My pregnant flock needs to go to a new, lush field to graze. It is a field at a right angle to from their normal direction of travel and sheep aren’t big fans of change.
Bracken, my eighteen-month-old German Shepherd Dog, plays with a stick a few yards away from me. I have not introduced Bracken to herding chores around the farm. At first she was simply too young and then later she was simply frightened of the sheep. Her fear made her bark at them fiercely. I don’t like my flock frightened so I just left the whole matter alone for a while.
But recently Bracken has shown me amazing off-leash control, dropping like a stone at any distance on command. It is the payoff for the training I’ve been putting in since puppyhood. It strikes me that she could down/stay off to one side, blocking the way to the sheep’s usual pasture. Bracken would still be many yards away from my flock and, since I trust her to listen, I decide to go for it.
On my word, Bracken folds instantly into a down. Putting her stick on her front legs, she watches me intently. Hauling open the gate (no gate on this farm does anything close to swing) I call to my sheep softly. No need for them to rush, I am in no hurry, a gentle word is plenty. Rising with pregnant difficulty from their resting spots, they trudge/trot toward me. Bracken watches, but not intently. Backing away from the gate, I move toward the new field. The sheep string out to nibble the spring-fresh growth, but they follow. This is a perfect speed. No stress, no worries.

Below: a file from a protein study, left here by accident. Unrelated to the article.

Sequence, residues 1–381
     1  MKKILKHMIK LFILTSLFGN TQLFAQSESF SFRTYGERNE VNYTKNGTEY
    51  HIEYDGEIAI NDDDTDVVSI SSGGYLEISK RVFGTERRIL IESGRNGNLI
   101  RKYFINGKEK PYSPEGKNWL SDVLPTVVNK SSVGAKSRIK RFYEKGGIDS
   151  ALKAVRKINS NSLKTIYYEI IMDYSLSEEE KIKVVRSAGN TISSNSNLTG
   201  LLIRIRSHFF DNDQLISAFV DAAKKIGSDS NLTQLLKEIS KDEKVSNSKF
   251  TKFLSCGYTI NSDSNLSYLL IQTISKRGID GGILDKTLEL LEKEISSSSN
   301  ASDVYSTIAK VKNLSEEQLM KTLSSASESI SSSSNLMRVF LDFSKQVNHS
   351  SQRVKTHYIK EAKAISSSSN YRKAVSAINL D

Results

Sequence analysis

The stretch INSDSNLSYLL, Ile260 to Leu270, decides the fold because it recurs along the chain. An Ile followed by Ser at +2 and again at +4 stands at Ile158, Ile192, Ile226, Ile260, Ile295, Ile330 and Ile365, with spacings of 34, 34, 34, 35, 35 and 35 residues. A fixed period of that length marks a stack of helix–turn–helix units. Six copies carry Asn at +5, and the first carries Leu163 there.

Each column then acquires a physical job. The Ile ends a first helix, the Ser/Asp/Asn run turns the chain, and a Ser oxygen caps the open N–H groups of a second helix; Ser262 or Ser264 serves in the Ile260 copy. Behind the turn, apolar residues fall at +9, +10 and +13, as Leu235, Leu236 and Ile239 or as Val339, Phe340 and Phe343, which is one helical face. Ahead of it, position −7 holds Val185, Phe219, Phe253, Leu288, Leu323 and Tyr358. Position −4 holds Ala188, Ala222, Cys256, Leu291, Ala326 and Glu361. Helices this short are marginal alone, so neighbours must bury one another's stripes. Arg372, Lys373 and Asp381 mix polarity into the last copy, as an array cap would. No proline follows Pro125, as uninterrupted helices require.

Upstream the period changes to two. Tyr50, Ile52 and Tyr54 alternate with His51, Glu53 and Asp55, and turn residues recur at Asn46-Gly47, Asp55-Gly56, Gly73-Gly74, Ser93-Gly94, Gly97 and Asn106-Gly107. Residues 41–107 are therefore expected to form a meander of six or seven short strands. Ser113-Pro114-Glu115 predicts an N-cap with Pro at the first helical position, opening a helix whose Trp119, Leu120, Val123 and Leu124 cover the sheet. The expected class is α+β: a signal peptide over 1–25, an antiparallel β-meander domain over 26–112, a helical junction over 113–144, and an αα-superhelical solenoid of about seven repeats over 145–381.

But a few sheep are dawdling, threatening to head off on their own. Bracken watches. A crazy thought floats into my mind, the kind of thought I usually regret: I could use Bracken to move them along. This is a stupid idea as she might rush them, she might lose control of herself, she might, like her mother, view herding as a contact sport — but I look at her and realize those are my worries; the dog watching twenty yards back now is calm.
“Easy” I call out gently. “Easy girl.” Bracken cocks her head slightly. “Huh?” is the clear expression. She doesn’t know what “easy” means. I try “Okay” and she rises. Picking up her stick she strikes off up our farm road, and jumps the ditch to the side. After a couple of dicey moments where she disappears behind the shed, she trots out, stick in mouth, to the right of the shed and the flock.”Wait,” I float out gently and she stops mid stride. “Good girl” I say with both pleasure and relief.
But all is not quite right; she is not in “balance” with the flock. Balance is the point that the dog chooses which brings the flock directly to the shepherd. It is part of the herding instinct such dogs are bred for. Without it, a dog cannot be a truly useful partner for the shepherd. It cannot be taught, the dog must simply have it within them. From where she is, if Bracken moves forward, the sheep would move to the left, away from both her and me.
The stragglers have not yet noticed her, so they have not yet started to move along. I decide to ask her to take a step or two forward. My hope is that the sheep will see the dog and that their desire to catch up with their buddies will keep them on track—not heading off on their own. “Easy” I begin nonsensically again. She still doesn’t know what the heck that means—it’s just sort of me verbalizing my hope. But now, I notice, she is looking intently at the sheep. After a few seconds, Bracken lets the stick fall from her mouth, marking the very moment awareness blossoms in her mind. This is not a game. This is a job. Ducking back behind the shed, she comes slowly up behind the dawdlers in perfect balance.
Stunned, I allow her to move forward. The sheep notice her and walk off calmly toward the rest. I call out a gentle halt and Bracken stands, alert, watching. I can see in her eyes that her world has changed. Somewhere deep in her intelligent brain synapses are firing, connections are being made and she is awakening to her ancestral task—herding.
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